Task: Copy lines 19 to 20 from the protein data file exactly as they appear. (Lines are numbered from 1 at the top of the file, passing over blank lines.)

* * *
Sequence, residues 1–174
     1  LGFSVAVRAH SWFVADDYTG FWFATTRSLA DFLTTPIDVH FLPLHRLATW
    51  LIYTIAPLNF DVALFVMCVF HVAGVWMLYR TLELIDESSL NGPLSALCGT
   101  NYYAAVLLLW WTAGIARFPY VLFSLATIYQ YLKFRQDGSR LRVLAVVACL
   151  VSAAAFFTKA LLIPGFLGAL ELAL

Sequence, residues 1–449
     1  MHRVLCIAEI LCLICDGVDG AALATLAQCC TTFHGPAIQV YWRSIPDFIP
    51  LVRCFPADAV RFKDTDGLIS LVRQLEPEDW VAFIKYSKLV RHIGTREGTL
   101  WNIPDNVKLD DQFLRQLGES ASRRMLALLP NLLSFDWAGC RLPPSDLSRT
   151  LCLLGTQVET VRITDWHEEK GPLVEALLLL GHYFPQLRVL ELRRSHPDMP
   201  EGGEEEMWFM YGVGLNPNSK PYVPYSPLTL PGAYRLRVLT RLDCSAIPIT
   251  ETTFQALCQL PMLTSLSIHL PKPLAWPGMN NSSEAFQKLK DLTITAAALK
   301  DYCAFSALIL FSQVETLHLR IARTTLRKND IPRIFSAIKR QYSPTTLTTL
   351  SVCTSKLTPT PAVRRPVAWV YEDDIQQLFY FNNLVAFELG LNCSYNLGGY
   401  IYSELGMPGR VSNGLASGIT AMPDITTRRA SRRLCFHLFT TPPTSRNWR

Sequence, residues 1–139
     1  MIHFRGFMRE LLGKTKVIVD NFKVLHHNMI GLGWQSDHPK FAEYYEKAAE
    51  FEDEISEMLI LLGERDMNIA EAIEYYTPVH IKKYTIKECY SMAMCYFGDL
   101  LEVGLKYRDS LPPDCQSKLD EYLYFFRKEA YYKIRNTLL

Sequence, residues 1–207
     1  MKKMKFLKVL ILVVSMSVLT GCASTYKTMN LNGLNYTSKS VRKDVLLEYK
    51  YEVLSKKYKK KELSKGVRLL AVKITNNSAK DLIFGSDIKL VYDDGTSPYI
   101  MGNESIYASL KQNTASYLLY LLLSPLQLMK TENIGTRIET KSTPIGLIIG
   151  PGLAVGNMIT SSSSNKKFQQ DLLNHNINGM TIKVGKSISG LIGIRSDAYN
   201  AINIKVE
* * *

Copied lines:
   101  LEVGLKYRDS LPPDCQSKLD EYLYFFRKEA YYKIRNTLL

Sequence, residues 1–207